Section 9 of the Act and its implementing regulations prohibit take of animal species listed as endangered or threatened. The definition of take under the Act includes the following activities: To harass, harm, pursue, hunt, shoot, wound, kill, trap, capture, or collect listed animal species, or attempt to engage in such conduct (16 U.S.C. 1538). Section 10 of the Act, 16 U.S.C. 1539, establishes a program whereby persons seeking to pursue activities that are otherwise legal, but could give rise to liability for unlawful take of federally protected species, may receive an ITP, which provides incidental take authorization to the ITP holder. To obtain an ITP, an applicant must submit an HCP containing measures that would minimize incidental take, including avoidance, and mitigate for the effects of any incidental take to the maximum extent practicable; and ensure that the taking is incidental to, and not the purpose of, an otherwise lawful activity (16 U.S.C. 1539(a)(1)(B) and 1539(a)(2)(A)). If we determine that an applicant has satisfied all permitting criteria and other statutory requirements, we intend to issue the ITP. At this time, the entity or entities that would serve as the applicant(s) for and be potentially permitted under an ITP have not been selected. However, the ITP is being sought by the Wind Energy Whooping Crane Action Group (WEWAG), a group of wind energy industry companies formed in 2009. Member companies include Acciona North America; Allete; Alternity; BP Renewables; Clipper Wind Energy; CPV Renewable Energy Company, LLC; EnXco; Duke Wind Energy; Horizon Wind Energy; Iberdrola Renewables; Infinity; MAP Royalty; NextEra Energy Resources; Renewable Energy Systems Americas; Terra-Gen; Trade Wind Energy; Element Power; Own Energy; and Wind Capital Group. Additional companies may become involved as the planning process proceeds. Hereafter, the term “applicant” is used to refer to the ultimate applicant(s) selected and the potential permittee(s). The proposed ITP would be granted for certain wind energy development, operation, and decommissioning or repowering-related activities undertaken within the permit area (described below).
WEWAG has sought to work in partnership with the Service to promote species conservation, while complying with environmental stewardship goals and policy requirements that compel the development of clean and sustainable energy from wind resources. If successful, the HCP and subsequent ITP would allow take authorization for otherwise lawful activities, such as the development, construction, operation, and decommissioning or repowering, of commercial wind energy developments within the planning area. The HCP will contain a multifaceted approach, including but not limited to take avoidance, minimization of take (e.g., through proven and defined best management practices), and mitigation of the impacts of take through potential habitat preservation, restoration, and enhancement measures. The applicant must also ensure that adequate funding for implementation, including biological and compliance monitoring, is provided.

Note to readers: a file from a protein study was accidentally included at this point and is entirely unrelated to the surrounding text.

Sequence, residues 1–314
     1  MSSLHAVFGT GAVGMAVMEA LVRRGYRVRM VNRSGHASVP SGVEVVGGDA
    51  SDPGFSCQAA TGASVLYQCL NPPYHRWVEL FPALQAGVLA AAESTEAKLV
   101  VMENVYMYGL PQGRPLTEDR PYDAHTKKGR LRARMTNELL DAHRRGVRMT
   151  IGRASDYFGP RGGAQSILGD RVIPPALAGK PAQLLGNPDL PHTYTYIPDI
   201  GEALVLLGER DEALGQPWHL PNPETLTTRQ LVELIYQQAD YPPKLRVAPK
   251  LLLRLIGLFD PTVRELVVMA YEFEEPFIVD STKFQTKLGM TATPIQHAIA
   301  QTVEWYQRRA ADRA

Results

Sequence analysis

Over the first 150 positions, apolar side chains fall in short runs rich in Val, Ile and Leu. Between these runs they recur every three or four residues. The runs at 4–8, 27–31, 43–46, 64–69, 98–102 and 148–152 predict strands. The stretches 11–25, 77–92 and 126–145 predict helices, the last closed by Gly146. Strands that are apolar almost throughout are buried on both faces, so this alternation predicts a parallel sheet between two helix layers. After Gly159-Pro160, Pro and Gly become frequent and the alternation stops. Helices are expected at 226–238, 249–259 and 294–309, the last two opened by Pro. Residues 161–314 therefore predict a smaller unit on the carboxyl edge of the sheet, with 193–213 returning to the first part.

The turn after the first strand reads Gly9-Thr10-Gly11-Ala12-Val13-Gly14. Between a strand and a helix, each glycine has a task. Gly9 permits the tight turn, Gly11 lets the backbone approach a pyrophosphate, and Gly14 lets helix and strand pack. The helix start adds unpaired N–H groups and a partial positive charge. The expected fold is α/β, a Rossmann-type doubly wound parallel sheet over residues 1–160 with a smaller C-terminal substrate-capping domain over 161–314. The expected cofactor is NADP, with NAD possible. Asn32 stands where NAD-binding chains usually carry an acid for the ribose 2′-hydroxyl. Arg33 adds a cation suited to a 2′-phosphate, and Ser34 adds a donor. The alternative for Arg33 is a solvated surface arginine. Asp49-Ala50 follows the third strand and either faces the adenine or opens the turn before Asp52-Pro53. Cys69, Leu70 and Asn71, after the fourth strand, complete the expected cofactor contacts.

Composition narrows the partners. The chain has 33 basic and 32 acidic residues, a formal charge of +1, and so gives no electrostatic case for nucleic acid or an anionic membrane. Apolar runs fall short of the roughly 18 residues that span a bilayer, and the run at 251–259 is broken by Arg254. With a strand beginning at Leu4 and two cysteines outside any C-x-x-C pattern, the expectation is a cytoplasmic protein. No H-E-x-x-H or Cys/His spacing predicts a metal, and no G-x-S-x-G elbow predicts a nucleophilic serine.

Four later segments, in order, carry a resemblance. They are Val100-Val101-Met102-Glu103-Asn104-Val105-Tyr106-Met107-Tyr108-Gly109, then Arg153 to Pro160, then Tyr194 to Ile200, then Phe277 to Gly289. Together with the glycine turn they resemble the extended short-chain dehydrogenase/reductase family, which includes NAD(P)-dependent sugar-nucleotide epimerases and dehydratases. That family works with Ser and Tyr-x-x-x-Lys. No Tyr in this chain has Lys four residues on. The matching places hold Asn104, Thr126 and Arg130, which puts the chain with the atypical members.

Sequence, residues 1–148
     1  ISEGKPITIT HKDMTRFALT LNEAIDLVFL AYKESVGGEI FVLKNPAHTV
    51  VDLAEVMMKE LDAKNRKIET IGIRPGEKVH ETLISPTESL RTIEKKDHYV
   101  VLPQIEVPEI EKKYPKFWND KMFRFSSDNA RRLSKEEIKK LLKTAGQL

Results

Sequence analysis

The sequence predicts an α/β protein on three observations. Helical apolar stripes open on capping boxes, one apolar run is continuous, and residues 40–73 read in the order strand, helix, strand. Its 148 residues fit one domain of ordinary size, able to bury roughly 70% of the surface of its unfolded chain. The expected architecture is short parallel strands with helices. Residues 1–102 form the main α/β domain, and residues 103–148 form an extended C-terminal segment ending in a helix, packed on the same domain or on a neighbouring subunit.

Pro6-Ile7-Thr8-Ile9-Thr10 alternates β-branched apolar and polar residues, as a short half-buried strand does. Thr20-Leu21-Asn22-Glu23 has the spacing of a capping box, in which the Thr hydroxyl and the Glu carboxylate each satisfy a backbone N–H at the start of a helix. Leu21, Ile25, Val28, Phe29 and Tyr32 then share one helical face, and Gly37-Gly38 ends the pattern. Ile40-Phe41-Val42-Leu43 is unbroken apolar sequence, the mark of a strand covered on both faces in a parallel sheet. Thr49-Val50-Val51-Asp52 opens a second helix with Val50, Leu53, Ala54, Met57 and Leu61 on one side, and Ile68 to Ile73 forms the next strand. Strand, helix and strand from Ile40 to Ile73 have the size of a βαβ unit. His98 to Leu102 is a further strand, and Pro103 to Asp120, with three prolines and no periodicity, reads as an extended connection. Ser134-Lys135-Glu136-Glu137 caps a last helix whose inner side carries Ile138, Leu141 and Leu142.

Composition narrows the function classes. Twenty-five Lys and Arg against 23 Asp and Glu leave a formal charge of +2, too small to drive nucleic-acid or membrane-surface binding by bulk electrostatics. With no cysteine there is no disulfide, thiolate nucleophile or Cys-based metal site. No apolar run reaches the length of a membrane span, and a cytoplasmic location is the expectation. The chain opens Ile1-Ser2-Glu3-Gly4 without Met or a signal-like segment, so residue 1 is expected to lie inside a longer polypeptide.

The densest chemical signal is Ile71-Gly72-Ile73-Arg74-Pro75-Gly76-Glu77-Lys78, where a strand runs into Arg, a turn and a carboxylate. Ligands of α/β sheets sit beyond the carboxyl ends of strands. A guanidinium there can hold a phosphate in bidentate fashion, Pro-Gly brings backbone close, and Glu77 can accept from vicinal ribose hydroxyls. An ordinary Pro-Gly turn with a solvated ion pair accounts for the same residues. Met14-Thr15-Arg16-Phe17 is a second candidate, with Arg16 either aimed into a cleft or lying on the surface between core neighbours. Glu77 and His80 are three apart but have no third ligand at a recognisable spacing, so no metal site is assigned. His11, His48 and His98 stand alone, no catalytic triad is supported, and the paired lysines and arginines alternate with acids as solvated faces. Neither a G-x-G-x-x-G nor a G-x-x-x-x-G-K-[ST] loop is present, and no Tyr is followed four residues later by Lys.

WEWAG is currently considering, for inclusion in the HCP, certain species listed as federally threatened or endangered, or having the potential to become listed during the life of the HCP, and having some likelihood of being taken by the applicant's activities within the proposed permit area. Those species include the endangered whooping crane (Grus americana), the endangered interior least tern (Sterna antillarum athalassos), the endangered piping plover (Charadrius melodus), Start Printed Page 41512and the lesser prairie-chicken (Tympanuchus pallidicinctus), a candidate species. The final list of covered species may include all these species, a subset of them, and/or additional species, based on the outcome of this planning process.
The proposed planning area is a 200-mile-wide corridor determined by defining the center line of the whooping crane migration path corridor (100 miles on either side of the center line). This line is based on the database of confirmed whooping crane observations from the Cooperative Whooping Crane Tracking Program. This corridor extends from the Gulf Coast of Texas north to the Canadian border and encompasses such cities as Houston, TX; Oklahoma City, OK; Wichita, KS; Bismarck, ND; Grand Island, NE; and Aberdeen, SD. In addition, the planning area includes the majority of the historic range of the lesser prairie-chicken, which extends the permit area beyond the 200-mile-wide whooping crane migration corridor to include parts of Kansas, Colorado, Oklahoma, New Mexico, and Texas.
Environmental Impact Statement